With this in mind, it is no surprise that a professional hedger of risk, Stephen A. Schwarzman, is at the forefront of Western attempts to understand the East. The CEO and co-founder of Blackstone has personally donated $100 million of his own wealth, in addition to pledging a further $200 million from outside sources, towards pioneering a new scholarship scheme to be launched in 2016: Schwarzman Scholars.
Designed to embrace the “defining challenge” of our time vis-à-vis East-West relations, Schwarzman’s scholarship program is not only visionary, but also well thought out and robust. Consulting educational leaders from Harvard, Yale, Duke, Oxford and Cambridge, Schwarzman Scholars’ eminent advisory board have tailored their scholarship scheme to entice the next generation of global leaders. With 45% of the awards designated to US citizens, 35% to internationals, and the remaining 20% reserved for Chinese nationals, the Scholarship is set to have a truly global impact.
Scholars will undertake a specially designed one-year Master’s degree at Tsinghua University, one of China’s leading institutions of higher learning. The strategically pertinent fields of public policy, economics and business, international relations, and engineering have been earmarked as the four fields of study open to Scholars, with scope and intentions to expand once the program begins in earnest. Based in Beijing, academic oversight will be provided by leading scholars from Tsinghua and distinguished visiting fellows.
Before commencing their studies, Scholars’ will immerse themselves in a summer orientation program. This is set to consist of travel throughout China in addition to language tuition and cultural workshops. Each Scholar will also be assigned a mentor with whom they consult throughout the program. These mentors will be leading figures in their desired field, so the opportunities afforded by the extra-curricular dimension of the scholarship will be genuinely trailblazing.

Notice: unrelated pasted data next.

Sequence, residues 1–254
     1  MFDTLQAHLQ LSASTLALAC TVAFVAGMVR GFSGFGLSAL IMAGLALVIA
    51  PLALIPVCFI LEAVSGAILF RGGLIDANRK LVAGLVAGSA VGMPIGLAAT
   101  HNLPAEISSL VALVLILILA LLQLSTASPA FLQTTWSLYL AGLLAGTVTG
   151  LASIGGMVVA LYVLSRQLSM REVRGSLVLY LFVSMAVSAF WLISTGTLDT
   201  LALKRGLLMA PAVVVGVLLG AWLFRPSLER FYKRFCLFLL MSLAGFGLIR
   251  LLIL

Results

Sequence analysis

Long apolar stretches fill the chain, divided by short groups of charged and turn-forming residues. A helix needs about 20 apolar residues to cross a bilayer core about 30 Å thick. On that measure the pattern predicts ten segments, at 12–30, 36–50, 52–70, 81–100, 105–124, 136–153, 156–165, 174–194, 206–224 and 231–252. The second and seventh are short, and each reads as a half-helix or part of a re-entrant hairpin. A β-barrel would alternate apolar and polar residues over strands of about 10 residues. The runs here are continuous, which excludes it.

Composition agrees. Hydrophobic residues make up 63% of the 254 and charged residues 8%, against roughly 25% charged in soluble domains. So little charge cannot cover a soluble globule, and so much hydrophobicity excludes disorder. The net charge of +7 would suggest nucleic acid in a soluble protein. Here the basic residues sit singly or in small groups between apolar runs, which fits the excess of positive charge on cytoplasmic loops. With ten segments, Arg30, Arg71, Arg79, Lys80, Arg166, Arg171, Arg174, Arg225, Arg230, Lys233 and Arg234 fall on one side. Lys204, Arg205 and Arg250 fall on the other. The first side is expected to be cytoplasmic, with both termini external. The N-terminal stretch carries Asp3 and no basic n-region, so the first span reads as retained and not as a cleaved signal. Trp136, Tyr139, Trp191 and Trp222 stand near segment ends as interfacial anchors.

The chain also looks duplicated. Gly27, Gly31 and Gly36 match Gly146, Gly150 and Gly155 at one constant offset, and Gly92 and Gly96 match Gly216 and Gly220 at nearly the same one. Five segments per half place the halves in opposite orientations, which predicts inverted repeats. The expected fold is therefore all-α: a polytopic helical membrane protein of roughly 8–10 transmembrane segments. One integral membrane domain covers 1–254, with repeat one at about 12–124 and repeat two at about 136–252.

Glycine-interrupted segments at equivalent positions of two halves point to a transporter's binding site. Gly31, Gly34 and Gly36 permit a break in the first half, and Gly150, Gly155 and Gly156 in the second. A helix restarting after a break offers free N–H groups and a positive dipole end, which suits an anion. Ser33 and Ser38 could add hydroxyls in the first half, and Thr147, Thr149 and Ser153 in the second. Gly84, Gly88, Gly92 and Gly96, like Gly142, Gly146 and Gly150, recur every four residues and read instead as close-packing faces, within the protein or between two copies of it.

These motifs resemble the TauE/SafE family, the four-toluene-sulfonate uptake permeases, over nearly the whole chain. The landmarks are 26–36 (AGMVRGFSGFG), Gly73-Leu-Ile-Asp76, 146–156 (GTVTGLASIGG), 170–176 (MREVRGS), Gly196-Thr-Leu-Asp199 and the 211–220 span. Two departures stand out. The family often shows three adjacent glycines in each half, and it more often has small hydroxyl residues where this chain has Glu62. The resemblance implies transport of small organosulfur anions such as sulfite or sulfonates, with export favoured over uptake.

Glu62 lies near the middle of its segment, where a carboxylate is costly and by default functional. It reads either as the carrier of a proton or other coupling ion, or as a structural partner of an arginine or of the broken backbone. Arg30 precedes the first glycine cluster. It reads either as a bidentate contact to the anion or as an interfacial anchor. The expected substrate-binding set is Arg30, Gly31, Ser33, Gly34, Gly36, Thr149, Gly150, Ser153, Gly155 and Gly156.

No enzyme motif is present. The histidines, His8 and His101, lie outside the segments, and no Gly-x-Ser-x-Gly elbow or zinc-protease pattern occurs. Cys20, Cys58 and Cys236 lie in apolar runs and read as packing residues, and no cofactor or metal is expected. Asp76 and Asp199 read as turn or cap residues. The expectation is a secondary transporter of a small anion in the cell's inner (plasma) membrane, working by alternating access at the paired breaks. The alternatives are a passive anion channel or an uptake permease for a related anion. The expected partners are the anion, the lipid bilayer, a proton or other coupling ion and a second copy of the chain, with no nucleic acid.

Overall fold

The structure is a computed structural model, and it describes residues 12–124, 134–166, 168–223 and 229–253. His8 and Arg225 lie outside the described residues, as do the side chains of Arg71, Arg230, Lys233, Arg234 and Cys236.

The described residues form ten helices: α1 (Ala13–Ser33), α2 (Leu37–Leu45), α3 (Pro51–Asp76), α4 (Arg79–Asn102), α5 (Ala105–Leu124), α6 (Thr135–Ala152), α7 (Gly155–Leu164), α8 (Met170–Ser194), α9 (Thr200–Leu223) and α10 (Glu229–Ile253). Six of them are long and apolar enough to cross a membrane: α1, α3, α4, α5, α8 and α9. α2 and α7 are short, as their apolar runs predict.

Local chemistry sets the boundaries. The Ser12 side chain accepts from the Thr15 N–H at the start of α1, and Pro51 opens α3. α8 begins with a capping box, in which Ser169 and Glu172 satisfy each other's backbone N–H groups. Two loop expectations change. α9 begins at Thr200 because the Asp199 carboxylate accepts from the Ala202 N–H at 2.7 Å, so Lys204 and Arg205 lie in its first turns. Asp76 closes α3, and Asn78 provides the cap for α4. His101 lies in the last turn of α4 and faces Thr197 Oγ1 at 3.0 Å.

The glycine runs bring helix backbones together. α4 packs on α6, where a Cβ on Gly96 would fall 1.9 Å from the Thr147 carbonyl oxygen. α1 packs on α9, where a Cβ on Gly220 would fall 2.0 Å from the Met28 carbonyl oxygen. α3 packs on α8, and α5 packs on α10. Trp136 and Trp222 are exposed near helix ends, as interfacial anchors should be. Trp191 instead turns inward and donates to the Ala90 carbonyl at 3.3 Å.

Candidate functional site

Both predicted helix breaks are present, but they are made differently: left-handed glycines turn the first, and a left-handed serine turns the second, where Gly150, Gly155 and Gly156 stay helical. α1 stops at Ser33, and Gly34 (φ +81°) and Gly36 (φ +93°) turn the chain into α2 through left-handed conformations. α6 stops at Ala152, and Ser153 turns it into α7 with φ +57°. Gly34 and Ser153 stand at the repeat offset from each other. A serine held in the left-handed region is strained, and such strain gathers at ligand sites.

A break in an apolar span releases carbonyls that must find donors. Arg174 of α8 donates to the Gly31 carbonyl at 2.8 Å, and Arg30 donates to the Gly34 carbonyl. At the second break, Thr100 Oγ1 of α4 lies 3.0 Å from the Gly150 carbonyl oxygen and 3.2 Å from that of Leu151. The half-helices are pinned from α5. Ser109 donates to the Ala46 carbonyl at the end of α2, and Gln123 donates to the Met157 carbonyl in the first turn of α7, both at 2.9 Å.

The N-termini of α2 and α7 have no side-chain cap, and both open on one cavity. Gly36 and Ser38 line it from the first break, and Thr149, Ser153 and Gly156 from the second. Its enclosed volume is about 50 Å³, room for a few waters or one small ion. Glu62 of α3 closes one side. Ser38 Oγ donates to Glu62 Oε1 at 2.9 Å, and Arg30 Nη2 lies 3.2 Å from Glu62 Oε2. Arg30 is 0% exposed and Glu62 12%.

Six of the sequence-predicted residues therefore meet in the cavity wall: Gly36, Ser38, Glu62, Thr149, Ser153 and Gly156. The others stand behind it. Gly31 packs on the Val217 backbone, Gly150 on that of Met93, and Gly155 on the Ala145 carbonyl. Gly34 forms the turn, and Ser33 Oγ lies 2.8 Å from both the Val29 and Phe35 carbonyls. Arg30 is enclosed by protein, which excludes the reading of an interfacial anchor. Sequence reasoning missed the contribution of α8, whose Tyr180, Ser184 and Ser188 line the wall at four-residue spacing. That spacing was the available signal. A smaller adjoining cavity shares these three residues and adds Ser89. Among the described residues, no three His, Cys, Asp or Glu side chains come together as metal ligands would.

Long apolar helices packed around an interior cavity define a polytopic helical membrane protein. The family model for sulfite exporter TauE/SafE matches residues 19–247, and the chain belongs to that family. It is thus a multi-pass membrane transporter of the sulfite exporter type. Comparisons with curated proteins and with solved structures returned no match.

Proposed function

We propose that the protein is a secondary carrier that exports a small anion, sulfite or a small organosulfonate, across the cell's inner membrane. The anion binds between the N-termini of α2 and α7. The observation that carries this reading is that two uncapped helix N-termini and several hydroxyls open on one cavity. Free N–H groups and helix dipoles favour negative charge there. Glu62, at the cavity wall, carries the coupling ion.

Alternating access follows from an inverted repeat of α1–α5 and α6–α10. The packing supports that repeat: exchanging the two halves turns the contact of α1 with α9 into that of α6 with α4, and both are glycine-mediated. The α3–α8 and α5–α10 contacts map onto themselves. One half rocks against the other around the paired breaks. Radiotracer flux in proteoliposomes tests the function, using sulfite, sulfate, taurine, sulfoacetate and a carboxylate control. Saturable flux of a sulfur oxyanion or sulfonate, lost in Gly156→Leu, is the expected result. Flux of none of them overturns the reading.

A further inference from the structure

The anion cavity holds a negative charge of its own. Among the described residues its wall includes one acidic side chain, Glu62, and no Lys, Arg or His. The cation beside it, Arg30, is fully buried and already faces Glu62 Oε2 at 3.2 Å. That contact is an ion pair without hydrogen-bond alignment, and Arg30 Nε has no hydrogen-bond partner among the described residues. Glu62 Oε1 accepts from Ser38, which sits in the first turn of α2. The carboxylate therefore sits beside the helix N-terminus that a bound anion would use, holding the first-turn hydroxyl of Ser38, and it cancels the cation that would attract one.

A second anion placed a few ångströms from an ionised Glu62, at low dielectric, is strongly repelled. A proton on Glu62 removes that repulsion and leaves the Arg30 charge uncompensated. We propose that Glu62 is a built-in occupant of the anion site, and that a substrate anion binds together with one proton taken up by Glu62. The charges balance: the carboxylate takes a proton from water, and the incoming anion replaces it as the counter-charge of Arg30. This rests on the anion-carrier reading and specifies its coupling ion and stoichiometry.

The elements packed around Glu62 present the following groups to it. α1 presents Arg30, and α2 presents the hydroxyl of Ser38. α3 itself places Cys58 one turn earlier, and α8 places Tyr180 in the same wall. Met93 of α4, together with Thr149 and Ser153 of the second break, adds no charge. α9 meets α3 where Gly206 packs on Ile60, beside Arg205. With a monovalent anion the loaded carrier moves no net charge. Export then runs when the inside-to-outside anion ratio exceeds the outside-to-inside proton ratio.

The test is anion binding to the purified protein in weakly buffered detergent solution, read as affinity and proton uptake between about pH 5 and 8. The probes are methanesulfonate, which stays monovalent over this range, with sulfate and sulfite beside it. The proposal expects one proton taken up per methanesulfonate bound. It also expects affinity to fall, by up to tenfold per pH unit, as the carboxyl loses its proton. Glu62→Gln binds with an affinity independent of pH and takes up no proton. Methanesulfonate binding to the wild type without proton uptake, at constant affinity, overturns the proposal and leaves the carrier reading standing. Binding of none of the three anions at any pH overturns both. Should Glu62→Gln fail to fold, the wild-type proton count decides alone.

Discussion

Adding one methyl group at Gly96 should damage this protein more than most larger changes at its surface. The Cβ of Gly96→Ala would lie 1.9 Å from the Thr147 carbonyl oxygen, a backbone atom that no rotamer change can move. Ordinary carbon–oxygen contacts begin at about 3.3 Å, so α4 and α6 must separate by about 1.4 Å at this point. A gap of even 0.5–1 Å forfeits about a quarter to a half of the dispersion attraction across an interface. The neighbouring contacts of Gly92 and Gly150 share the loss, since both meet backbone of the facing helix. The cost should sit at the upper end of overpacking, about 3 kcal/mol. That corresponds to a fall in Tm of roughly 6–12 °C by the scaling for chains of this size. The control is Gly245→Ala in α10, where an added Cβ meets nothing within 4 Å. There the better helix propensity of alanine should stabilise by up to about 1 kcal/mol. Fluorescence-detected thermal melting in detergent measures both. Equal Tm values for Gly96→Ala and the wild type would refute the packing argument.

Schwarzman College, the 2,580,000 square-foot campus that will house the 200 Scholars annually, is symbolic of what the program is attempting to achieve. In order to attract the best students globally, the Schwarzman Scholar’s committee have designed a central campus to rival any in the world. Robert A.M Stern, Dean of Yale’s School of Architecture, has conjured up a building harmonising the best practices of both East and West. These include a traditional covered Chinese terrace and pergola, residences based on Harvard Business School’s Executive education suites, a central, sunken courtyard in characteristic Chinese design, and a residential college based on the likes of Cambridge, Oxford, and Yale. The Schwarzman Scholar objective of gaining a “more nuanced understanding of China’s social, political and economic context” is in this way inbuilt into the very design of the college.
With an academic advisory board that consists of Henry Kissinger, Tony Blair, Colin Powell, and Condoleezza Rice, it is difficult not to get swept away in the hype surrounding Schwarzman Scholars. Yet with seemingly everything pointing to a rise in China’s political and economic stocks, a thorough educational program to challenge the best students, and world-class facilities and backing at their disposal, Schwarzman Scholars looks set to pose a vary serious challenge to the Rhodes Scholarship’s claim as the world’s leading graduate scholarship.
It may appear ambitious. It may appear elitist. It may even appear impractical. In fifty years time, however, when there is a network of 10,000 Schwarzman Scholars it may also appear that many of them are at the top of the tree.